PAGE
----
+ 2 on Dave's core set; it's what I use. You'll probably find your Forgecrafts the best thing to practice on. The cheapo stainless just isn't much fun to sharpen, whereas basic carbon can be very satisfying- you'll get a lot of feedback and have a nice sharp edge before you know it.
Thanks everyone so much for the feedback, such a blessing to have a group who (outside of the knucklehead thread) are not out to be big bad internet personalities. In their defense... that is why it is called natural selection... some people you can only just look and shake your head.
It sounds like the core set with the forgies is my best starting point, and stretch out when I need to sharpen the others until I have some more comfort using them.
That being said What angles are the forgies at?
What is the stance on using a honing rod with a gyuto etc? Also what interval are people finding they are sharpening their home daily use gyuto roughly?
I do my old carbon at about 20 degrees per side. Sometimes a little more acute with a microbevel. Depends on the knife and the intended use. I only go to 1k on the forgies. The bester 1200 should do fine.
Honestly there are plenty of worthy stones out there. I can say with confidence other than jnats I would only buy one line and that's gesshin. They cut fast and leave great edges. And look at it this way you won't have to waste money to upgrade later on, use that money towards knives and natural stones.
Seriously though if I could do it again that's the route I'd take.
Either 400. 4k minimalist
400, 2k, 4k, 8k or takashima complete set
Or 1k/6k or 600/6k combo good starting set
I don't think 400 or other coarse stones are the best choice because you can do more damage than good with them - so if you're starting out & still working on your technique, not the best choice IMO.
Not to say having the Bester 500 in that set is a bad thing - if your knives are severely dull/damaged, or if you want to play with thinning some of your knives, it's a good option to have.
I can't speak on the Beston 1200 because I don't own it, but a LOT of folks seem to love the stone.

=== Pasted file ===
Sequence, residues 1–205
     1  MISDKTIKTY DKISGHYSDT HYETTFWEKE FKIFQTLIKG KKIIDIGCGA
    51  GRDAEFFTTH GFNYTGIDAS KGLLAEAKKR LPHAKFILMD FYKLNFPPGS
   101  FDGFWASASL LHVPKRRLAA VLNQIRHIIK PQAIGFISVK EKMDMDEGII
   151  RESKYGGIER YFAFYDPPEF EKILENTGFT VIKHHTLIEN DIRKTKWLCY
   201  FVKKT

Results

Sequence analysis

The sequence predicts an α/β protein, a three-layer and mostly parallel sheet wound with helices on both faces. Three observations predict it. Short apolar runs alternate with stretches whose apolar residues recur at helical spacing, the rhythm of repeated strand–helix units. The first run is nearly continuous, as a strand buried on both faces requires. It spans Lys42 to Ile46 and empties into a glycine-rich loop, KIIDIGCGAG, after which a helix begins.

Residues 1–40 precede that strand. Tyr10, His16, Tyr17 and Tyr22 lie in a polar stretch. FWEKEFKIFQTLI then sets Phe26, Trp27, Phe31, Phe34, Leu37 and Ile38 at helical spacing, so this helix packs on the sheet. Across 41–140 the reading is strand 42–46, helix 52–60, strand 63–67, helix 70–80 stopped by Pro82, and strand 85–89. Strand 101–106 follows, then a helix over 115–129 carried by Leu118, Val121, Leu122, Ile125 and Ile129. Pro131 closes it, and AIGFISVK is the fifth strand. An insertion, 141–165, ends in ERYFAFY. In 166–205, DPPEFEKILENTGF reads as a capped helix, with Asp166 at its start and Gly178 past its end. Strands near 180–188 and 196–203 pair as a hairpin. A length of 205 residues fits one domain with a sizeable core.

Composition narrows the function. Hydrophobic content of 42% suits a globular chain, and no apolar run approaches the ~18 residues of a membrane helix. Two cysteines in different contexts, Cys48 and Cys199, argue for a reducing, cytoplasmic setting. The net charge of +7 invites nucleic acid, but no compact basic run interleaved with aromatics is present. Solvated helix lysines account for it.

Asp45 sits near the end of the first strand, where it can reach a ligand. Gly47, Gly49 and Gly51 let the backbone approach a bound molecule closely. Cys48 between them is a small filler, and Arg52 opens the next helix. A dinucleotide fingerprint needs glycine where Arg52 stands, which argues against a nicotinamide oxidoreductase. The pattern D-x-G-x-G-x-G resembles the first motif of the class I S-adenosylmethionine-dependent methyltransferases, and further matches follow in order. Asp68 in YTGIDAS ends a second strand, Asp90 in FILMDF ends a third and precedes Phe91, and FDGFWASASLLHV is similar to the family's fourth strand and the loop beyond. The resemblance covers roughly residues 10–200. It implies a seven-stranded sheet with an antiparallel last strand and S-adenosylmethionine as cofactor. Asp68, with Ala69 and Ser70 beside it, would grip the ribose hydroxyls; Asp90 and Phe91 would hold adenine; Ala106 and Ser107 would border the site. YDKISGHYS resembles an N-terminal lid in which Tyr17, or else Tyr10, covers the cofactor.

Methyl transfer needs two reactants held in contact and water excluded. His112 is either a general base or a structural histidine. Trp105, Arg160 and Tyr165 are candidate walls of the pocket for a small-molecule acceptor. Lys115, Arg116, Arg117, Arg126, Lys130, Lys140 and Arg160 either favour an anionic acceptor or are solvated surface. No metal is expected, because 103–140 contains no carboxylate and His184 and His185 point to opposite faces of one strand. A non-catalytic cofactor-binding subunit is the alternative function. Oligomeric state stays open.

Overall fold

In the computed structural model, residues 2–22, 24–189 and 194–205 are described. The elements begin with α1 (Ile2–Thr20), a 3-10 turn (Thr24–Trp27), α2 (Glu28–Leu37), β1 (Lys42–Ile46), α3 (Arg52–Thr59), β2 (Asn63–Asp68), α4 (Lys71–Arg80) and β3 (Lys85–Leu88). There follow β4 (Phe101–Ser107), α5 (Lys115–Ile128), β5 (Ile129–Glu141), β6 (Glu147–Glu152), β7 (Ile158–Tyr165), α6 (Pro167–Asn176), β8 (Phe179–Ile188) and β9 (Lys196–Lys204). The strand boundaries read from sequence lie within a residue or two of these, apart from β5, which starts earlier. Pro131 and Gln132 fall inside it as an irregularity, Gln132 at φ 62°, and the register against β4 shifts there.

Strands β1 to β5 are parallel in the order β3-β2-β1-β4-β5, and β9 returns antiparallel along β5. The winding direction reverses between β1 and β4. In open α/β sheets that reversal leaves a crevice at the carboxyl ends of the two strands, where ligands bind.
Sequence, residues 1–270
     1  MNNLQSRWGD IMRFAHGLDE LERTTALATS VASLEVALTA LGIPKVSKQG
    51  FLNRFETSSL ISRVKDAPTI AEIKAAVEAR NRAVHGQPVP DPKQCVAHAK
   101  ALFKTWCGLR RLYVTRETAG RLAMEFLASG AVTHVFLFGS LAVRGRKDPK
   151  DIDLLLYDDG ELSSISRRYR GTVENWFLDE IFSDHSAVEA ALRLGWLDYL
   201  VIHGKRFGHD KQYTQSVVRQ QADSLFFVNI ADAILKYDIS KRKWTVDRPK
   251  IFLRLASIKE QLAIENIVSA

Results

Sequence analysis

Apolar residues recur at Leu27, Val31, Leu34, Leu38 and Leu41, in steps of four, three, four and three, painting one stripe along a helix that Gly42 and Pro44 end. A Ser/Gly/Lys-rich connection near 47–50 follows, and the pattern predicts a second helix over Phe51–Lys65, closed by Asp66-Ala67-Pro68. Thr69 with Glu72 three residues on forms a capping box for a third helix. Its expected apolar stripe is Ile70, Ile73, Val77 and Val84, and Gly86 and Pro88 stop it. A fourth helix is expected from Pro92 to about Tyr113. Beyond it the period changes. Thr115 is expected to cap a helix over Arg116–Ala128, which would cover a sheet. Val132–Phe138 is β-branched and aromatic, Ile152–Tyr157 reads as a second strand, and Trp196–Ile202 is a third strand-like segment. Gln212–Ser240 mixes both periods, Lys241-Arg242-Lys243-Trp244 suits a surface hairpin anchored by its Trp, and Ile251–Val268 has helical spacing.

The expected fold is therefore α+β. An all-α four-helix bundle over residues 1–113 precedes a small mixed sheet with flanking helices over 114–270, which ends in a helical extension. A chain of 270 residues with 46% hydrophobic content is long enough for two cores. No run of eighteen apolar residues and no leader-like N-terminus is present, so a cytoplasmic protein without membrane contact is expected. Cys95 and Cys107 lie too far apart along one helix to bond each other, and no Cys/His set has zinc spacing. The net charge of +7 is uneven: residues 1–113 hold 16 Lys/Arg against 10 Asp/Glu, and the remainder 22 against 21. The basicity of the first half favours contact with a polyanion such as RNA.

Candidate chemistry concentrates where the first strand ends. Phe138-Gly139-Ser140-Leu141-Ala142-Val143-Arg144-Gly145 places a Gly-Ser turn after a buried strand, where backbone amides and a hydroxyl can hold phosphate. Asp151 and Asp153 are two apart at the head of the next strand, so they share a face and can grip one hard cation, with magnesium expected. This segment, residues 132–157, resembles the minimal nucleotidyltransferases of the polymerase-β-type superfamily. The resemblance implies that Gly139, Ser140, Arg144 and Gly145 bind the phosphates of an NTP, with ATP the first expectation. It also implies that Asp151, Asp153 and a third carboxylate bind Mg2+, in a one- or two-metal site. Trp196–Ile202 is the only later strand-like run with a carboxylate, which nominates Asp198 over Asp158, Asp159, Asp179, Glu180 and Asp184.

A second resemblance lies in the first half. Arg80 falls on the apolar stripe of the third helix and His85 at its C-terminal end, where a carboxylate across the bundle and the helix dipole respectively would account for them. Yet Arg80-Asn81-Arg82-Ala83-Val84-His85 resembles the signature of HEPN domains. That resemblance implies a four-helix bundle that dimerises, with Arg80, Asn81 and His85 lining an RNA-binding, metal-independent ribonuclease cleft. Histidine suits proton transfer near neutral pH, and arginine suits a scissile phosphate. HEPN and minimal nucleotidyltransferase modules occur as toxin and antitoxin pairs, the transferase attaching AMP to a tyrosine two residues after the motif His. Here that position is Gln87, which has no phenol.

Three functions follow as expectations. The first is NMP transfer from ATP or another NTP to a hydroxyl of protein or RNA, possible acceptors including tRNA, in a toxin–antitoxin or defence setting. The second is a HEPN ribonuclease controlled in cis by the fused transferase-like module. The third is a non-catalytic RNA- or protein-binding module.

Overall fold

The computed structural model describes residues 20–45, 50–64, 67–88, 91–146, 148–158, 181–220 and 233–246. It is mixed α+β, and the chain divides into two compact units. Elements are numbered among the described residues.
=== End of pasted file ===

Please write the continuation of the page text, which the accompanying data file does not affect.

I do own a Rika 5k though and it's probably my most used and favorite stone. Great feeling, especially if you permasoak it, and if you care for you knives, it is quick to put on a solid edge. I touch up most of my knives on the Rika alone daily (I work in a kitchen though) and don't feel a need to go higher - or lower, except for once a week or so.
That said, for the Rika, having a diamond plate or other flattener is a must. Not that it dishes quickly, but more than any other stone I own, it tends to 'clog' quickly. After a knife or two it will start to feel scratchy and just doesn't seem as effective and smooth once it gains some color. You don't have to remove a lot of material - the stone makes it obvious when it's 'clean'. I flatten mine between every knife and still feel like I have plenty of life left in it.
Originally Posted by JDA_NC
If you do end up with the core set, put the 500 away immediately and don't touch it until you're very comfy with the other 2 stones. In fact, you should probably just start out with the 1200 and practice with that until you feel confident you're holding a consistent angle and creating an even burr and deburring properly giving you a sharp knife every time.
A 1200 grit stone will give you a very workable edge that is actually as fine as you probably want to go on your Chicago's.
Bust out the Rika when you're confident with the 1200 and you find you want more polish on your harder knives. Only once you've mastered those two stones should you be trying too use the 500 as you can do damage with such a coarse stone. You'll only really need it when thinning behind the edge or repairing significant chips or other such damage anyhow.
Go through Jon's playlist...he has a video on buying stone sets, and another one regarding honing rods and Japanese knives specifically.